In 2016, following the Alibaba acquisition, the SCMP removed its paywall, but in July 2020, SCMP announced that it would return to a subscription model in August 2020.

In March 2021, it was reported that the Chinese government is pressuring Alibaba to sell SCMP, due to concerns over the company's influence over public opinion in Hong Kong. Critics say this is designed to move the paper under the ownership of Chinese state-owned firm or an associated billionaire, placing it under the influence of the Chinese Communist Party (CCP).

Closure of subsidiary publications

Since the Alibaba acquisition, the SCMP has discontinued several subsidiary publications, including its Chinese-language edition, the 48 HOURS weekend magazine, and the popular HK Magazine alternative weekly. The 48 HOURS staff continue to write on other SCMP platforms. Zach Hines, former editor-in-chief of HK Magazine from 2000 to 2015, said that closing the magazine is an effort to shift the focus away from Hong Kong to mainland China and target western readers. Hines wrote in the Hong Kong Free Press of its closure:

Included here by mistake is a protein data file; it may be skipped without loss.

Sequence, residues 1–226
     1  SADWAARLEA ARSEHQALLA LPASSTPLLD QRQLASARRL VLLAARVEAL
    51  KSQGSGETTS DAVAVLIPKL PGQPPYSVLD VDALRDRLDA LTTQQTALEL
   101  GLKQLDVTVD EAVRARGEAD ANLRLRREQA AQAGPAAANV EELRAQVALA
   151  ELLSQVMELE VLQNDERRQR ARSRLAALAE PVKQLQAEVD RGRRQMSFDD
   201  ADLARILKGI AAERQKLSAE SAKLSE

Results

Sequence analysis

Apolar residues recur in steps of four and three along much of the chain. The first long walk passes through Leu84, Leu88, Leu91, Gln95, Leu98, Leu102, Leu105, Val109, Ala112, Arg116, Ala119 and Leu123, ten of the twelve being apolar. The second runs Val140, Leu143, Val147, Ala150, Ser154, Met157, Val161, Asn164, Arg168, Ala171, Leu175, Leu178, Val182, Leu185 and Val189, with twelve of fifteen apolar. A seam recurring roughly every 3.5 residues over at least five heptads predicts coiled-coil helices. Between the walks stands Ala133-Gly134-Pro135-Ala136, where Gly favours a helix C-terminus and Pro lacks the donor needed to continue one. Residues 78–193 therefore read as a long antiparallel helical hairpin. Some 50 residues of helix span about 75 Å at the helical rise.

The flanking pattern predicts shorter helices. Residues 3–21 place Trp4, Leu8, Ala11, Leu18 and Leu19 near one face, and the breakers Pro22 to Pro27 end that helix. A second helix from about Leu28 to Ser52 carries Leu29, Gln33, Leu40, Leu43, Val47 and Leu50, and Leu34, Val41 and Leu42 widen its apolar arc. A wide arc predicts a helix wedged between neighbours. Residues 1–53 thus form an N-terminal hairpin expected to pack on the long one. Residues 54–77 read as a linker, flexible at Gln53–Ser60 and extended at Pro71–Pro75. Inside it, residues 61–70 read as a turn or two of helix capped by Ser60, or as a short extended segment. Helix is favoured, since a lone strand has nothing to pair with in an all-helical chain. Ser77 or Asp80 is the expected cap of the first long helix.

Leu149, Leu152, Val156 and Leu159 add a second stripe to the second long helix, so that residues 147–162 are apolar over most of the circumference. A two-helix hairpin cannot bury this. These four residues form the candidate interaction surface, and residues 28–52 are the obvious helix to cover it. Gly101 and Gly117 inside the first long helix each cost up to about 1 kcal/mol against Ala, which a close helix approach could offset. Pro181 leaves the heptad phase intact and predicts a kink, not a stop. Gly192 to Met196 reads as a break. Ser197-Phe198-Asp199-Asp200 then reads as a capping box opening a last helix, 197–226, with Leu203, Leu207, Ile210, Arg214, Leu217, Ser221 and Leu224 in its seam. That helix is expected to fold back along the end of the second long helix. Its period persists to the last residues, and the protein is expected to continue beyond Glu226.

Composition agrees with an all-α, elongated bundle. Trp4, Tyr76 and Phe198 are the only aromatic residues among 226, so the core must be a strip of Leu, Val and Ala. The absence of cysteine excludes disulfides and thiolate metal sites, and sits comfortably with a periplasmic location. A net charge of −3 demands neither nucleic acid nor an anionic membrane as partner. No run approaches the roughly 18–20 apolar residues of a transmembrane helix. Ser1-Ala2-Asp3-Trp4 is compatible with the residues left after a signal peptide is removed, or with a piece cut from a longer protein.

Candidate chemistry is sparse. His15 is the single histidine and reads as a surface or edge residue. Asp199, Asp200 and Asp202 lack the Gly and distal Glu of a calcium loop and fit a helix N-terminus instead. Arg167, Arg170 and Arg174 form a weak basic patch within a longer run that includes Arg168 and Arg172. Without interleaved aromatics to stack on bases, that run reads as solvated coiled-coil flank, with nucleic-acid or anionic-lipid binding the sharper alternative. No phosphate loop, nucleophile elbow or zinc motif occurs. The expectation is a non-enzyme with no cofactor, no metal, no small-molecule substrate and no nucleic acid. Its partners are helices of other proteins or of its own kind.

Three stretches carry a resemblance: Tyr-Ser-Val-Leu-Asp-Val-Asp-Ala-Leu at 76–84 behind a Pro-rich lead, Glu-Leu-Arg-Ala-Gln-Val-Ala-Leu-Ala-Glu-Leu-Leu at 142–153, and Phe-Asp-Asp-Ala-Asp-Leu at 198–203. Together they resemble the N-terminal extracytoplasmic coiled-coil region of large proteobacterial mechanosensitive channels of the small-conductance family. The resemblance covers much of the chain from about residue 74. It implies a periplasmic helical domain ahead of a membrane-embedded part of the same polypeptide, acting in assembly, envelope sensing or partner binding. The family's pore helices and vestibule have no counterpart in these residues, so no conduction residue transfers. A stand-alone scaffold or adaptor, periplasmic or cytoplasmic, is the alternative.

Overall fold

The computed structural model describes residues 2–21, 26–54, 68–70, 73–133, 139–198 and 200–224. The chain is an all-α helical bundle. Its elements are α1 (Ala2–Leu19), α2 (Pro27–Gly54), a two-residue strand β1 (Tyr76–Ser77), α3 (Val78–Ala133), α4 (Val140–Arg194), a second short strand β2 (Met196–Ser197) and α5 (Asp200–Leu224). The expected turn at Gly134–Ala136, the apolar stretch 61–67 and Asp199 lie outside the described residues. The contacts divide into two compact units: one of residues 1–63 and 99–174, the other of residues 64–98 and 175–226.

"The South China Morning Post purchased us at the right time, and for sensible reasons. The media landscape was changing dramatically, as it continues to do, and their ownership bought us a few final years of life. But, like “One Country, Two Systems,” this odd and uncomfortable marriage was never going to last.

To be a truly independent press, you cannot be beholden to anyone except your readers. But, to my great dismay, this is becoming an increasing impossibility in Hong Kong, in both the mainstream Chinese and much-smaller English media. SCMP is owned by Alibaba, perhaps the biggest pro-China organization in the world, if you don't count the Communist Party. The paper's business interests are also drifting away from Hong Kong, and toward readers in the United States and the rest of the west. HK Magazine is a canary in the coal mine. [...]